Hurting the Host: The Rationale of the Afghan Exodus

Afghanistan has experienced close to four decades of perpetual violence wars, political upheavals, and religious and ethnic clashes, resulting in millions of Afghans fleeing to neighbouring countries for protection. Facing the Soviet invasion after the Saur revolution and the ensuing civil conflict, between 1979 and the early 1990s approximately [1] six million escaped to Pakistan and Iran, marking the first exodus of Afghan refugees. After Soviet forces withdrew from Afghanistan, around two million refugees decided to return to their country. However, beginning in the mid-1990s, factional clashes led to an outbreak of civil war and the rise of the Taliban, who were able to gain control of major areas and ensued by the establishment of an extraordinary cruel autocratic terror regime. The widespread violations of human and fundamental rights at the hands of the Taliban, and the on-going military conflict with armed oppositional forces (especially in the North of the country with the United Islamic Front for the Salvation of Afghanistan, popular known as the Northern Alliance, led to new waves of refugees. The US-led military intervention in late 2001 against the Taliban regime initially caused further displacement. However, the engagement of the International Security Assistance Force (ISAF) after the downfall of the Taliban regime, and the establishment of the Afghan Interim Administration (after 2002 Afghan Transitional Administration) of Hamid Karzai following the 2001 Bonn agreement aroused hope for peaceful and socio-economic prospects. In result, some 5.7 million Afghan refugees returned home, almost one quarter of the entire population. Nevertheless, during the last decades Afghans not only turned into the largest global refugee population but also created one of the world’s longest refugee situations. This changed only last year, with the upsurge in violence in Iraq and as the Islamic State (Daesh) started its Jihadist genocide in Syria and the local multi-dimensional armed conflicts reached a regional unprecedented level of intensity and brutality. However, the fact that today the Afghans cease to be the greatest refugee community does not indicate an improvement of their situation. The ‘Costs of War project’ of the Watson Institute at the Brown University and the United Nations High Commissioner for Refugees (UNHCR) stated recently that Afghanistan still remains the world’s second largest source of refugees: in 2014, with more than 3.7 million as of July 2014, 700,000-plus of which are internally displaced persons (IDPs).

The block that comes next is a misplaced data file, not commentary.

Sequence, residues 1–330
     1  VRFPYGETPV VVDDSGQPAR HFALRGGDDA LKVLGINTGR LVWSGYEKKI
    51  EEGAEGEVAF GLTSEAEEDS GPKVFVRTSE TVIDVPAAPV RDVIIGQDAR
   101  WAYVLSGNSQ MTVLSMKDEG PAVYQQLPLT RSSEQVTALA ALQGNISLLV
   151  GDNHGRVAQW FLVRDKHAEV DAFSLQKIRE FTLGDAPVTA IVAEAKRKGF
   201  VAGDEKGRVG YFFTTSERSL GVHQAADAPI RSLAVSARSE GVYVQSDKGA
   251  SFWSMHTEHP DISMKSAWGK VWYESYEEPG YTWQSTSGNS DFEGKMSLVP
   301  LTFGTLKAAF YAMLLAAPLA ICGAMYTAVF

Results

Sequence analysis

This pertinent issue raises some crucial questions: First, why again has an extraordinary huge number of Afghans decided to flee their country? Second, what steps does the Afghan government and the international community need to take to stop even more Afghans from leaving their country?

Basically there are several mutually enforcing reasons that sum up why Afghans are again entering the refugees trail in a large scale.

First, Afghanistan suffers from a sharply deteriorating security situation. This is mainly due to the massive return of the Taliban and the expanding activities of ISIS and other Jihadist groups, which led to a tremendous increase in terrorist attacks causing several civilian casualties.

Secondly, there is a rising influence of Islamic fundamentalist clerics in state and society, pushing towards Islamization and the eradication of all achievements made in the last decade in terms of Women and Girls’ rights, Human/Fundamental rights and the general situation of civil society.